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Next Gen ATP Finals Allianz Cloud, Milan | 9-13 Nov. 2021
Carlos Alcaraz: A New Member Of The Elite
Alcaraz

World No. 141 Carlos Alcaraz qualified for the Australian Open and plays Mikael Ymer on Thursday in the second round. © Peter Staples/ATP Tour

They say slow and steady wins the race, but Carlos Alcaraz seems determined to continue making great strides on his road to stardom. Only his teenage features give any indication of his youth. Judging by his game, his attitude and his results, probably nobody would guess he is only 17 years old. On Tuesday, 9 February 2021, the Spaniard broke new ground in his precocious career, by winning his first Grand Slam singles match at the Australian Open.

“I feel surprised and excited at the same time,” he admitted, after beating the Dutch Botic van de Zandschulp 6-1, 6-4, 6-4 on his Grand Slam championship debut. “I handled the situation really well, as it was my first best-of-five match. I was surprised that I handled it so well and so serenely.”

In very little time, Alcaraz has grown accustomed to being just another member of the Tour’s elite. “I’m new here, I still haven’t played many ATP tournaments and this is my first Grand Slam. In the locker room, the gym and the canteen I’m surrounded by all the players I’ve been watching since I was young. I try to treat it as normal, but when I stop to think, I say to myself: ‘I’m surrounded by the best! The players I grew up watching!’”

It is the excitement of a boy mixed with the performances of a man. This is how he sees himself when he shares the hallways of Melbourne Park with the best tennis players on the planet. But, how does his fellow Spaniards see him?

His coach, Juan Carlos Ferrero, answered the question for ATPTour.com. “I thought Carlos was very well prepared,” said Ferrero. “He was very keen to play in a Grand Slam and he was very excited about it. The thing that surprised me the most was the ease with which he was able to play from the start through to the end.”

Ferrero is certainly responsible for a fair share of Alcaraz feeling confident on the court. Ferrero is a former No. 1 in the FedEx ATP Rankings and at the helm of one of the most exciting Spanish tennis stories. “Carlos had never played to five sets, but he knew how to handle the tense moments of the match. He started out with great intensity. At the end of a five-set match it’s very important not to dip at any point and to stay focused from start to finish. It’s a very positive match to continue growing from.”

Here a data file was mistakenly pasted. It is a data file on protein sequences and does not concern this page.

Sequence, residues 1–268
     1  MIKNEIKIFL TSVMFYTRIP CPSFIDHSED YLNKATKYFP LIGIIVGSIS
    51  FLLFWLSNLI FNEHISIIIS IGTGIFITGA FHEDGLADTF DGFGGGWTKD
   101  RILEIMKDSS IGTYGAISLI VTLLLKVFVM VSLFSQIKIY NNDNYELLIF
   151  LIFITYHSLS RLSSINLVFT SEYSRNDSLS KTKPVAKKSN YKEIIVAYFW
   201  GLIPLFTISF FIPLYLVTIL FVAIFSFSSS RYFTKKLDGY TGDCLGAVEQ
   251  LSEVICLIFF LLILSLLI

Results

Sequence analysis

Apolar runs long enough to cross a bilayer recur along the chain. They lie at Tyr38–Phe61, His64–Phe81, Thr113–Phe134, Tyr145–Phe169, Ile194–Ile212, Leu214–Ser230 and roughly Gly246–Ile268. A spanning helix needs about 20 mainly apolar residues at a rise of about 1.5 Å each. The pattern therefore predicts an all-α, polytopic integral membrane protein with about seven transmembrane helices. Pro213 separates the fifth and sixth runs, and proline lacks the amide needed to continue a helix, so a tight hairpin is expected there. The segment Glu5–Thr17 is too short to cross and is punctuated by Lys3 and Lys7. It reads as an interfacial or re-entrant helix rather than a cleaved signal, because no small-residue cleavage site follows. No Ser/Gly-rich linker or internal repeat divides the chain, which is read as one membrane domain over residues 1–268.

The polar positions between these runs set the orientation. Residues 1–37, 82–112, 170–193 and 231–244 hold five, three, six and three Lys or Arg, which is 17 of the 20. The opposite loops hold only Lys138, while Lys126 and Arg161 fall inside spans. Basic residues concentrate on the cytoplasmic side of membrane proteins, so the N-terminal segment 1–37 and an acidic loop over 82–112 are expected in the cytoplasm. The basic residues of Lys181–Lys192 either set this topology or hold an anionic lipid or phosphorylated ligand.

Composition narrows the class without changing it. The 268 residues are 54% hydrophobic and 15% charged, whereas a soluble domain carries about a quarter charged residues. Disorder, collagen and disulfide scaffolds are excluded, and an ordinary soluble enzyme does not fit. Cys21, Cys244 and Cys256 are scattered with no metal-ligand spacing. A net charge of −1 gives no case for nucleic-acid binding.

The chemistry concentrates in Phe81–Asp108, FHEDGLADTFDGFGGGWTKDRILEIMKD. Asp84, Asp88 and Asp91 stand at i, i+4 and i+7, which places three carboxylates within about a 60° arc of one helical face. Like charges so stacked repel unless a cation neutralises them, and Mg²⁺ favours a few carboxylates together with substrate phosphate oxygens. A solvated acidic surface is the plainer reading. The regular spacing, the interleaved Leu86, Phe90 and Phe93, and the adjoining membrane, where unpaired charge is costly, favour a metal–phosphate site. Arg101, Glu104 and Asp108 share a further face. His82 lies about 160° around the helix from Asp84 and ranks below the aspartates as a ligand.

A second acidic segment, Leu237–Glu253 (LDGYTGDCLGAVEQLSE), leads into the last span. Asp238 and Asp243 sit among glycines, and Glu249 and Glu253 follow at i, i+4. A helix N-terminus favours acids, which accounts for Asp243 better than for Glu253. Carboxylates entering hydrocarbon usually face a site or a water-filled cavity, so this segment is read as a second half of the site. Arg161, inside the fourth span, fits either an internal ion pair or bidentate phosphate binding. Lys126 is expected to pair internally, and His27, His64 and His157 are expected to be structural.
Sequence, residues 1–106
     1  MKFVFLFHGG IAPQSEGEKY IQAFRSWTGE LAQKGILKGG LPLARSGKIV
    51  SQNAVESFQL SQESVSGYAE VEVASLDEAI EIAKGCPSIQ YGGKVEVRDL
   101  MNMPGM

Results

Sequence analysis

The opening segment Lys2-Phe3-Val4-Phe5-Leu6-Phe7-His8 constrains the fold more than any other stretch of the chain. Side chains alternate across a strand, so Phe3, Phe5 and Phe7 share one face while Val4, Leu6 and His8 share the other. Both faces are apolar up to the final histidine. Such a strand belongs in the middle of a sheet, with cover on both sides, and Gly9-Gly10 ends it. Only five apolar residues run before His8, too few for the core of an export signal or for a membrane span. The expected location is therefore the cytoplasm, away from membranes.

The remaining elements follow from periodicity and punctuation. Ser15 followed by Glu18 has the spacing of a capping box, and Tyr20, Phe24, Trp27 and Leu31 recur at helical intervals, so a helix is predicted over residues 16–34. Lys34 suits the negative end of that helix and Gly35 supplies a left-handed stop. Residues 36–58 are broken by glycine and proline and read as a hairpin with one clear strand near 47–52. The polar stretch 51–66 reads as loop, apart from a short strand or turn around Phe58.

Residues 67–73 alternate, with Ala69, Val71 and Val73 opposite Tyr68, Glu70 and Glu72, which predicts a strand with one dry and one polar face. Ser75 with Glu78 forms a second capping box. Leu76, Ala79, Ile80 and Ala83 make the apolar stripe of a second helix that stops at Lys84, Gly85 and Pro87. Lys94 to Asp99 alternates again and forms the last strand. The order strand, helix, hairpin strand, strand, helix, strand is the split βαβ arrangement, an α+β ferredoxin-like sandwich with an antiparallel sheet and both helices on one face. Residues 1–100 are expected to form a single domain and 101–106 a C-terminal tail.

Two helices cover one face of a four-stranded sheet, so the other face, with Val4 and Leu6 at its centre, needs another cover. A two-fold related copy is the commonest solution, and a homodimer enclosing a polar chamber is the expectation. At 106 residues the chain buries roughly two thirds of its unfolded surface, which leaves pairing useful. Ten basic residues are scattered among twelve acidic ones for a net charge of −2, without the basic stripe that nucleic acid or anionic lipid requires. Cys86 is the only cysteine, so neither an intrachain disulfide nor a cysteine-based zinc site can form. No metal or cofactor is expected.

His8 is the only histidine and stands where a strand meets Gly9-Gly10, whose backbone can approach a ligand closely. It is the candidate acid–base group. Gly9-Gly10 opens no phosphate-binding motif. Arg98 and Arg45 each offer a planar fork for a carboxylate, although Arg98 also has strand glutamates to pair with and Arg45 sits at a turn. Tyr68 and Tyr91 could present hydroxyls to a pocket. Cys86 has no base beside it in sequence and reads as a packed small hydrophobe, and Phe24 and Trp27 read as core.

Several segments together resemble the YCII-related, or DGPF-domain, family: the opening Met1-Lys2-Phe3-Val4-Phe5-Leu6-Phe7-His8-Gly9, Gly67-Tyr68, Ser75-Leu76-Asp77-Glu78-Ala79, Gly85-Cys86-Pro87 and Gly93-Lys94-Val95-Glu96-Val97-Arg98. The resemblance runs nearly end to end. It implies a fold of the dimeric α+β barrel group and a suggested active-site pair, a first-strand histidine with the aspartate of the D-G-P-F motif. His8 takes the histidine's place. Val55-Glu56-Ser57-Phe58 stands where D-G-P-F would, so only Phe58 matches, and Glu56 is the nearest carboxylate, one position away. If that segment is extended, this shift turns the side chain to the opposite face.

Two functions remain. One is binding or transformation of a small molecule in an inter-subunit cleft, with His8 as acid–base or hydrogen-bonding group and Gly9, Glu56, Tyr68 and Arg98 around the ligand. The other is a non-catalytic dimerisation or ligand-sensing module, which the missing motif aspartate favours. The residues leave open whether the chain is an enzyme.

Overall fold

Someone who knows exactly what it means to break down barriers at a very early age has also noticed his potential. “He's very good,” says 2009 Australian Open champion Rafael Nadal. “He's very young. He has everything to improve in the future with his age. He already is where he is, and he has a lot of great things in his game. I really believe that he will have a great future because he's a good guy, humble [and a] hard worker. He has a lot of positive things.”

The 20-time Grand Slam champion was able to witness Alcaraz at work on court first-hand after a training session at Melbourne Park last week. “He has intensity. He has the passion. He has the shots, and he's always the same in my opinion. He has all the ingredients to become a great champion.”

If there is one player in the ATP Tour locker room that knows him well, then that player is Pablo Carreno Busta. The Asturian is yet to forget the day he first met him. “It was in 2017,” said Carreno Busta. “We met in The O2 at the [Nitto] ATP Finals [in London]. We were knocking up, and he didn’t miss a single ball. He was 14 years old and you could see he was different.”

It would be the first of many hours they have shared on court — normally at the JC Ferrero-Equelite Sport Academy in Villena, Alicante, where they normally train. “Carlos has a very high ball speed. It looks like he’s barely doing anything and the ball flies off his racket. He has very high energy [and] he works very hard. He’s dedicated [and] he learns quickly… He really wants to keep improving. He’s a great kid above all, very humble and hardworking.”

Feliciano Lopez, who is appearing in his 75th consecutive major championship at this year’s Australian Open, smiles when he talks about Alcaraz. “It’s been many years since I’ve seen a Spanish player with that potential. Although I haven’t trained with him, I’ve trained close to him in recent days, so I’ve been able to see him play. Seeing a 17-year-old play like Carlos is something very special [and] unique.”

Pablo Andujar admitted, “I had the chance to train with him one day and he really did seem like an incredible player. He has a tremendous future. I’m really happy for him because he’s a very humble kid, who has a lot of respect for his elders. I’m also happy for Juan Carlos [Ferrero]. He is very involved, and I think it’s a great project. I’m happy for them.”

However, amid all the plaudits, both his team and experienced Spanish voices are calling for calm. Such a promising talent should be given time to mature. “What he wins or doesn’t will depend on many things, but we can be very happy to have someone very special who can do big things for Spanish tennis,” said Lopez. “It’s just a reason to be very happy. Everything takes time, of course, but I think that he’s going to be one of the greats.”

Carreno Busta added, “He’s a player who has a very good future and hopefully he does well, but he’s still 17. Let’s not expect him to win the Australian Open.”

Alcaraz plays Sweden’s Mikael Ymer on Thursday in the Australian Open second round.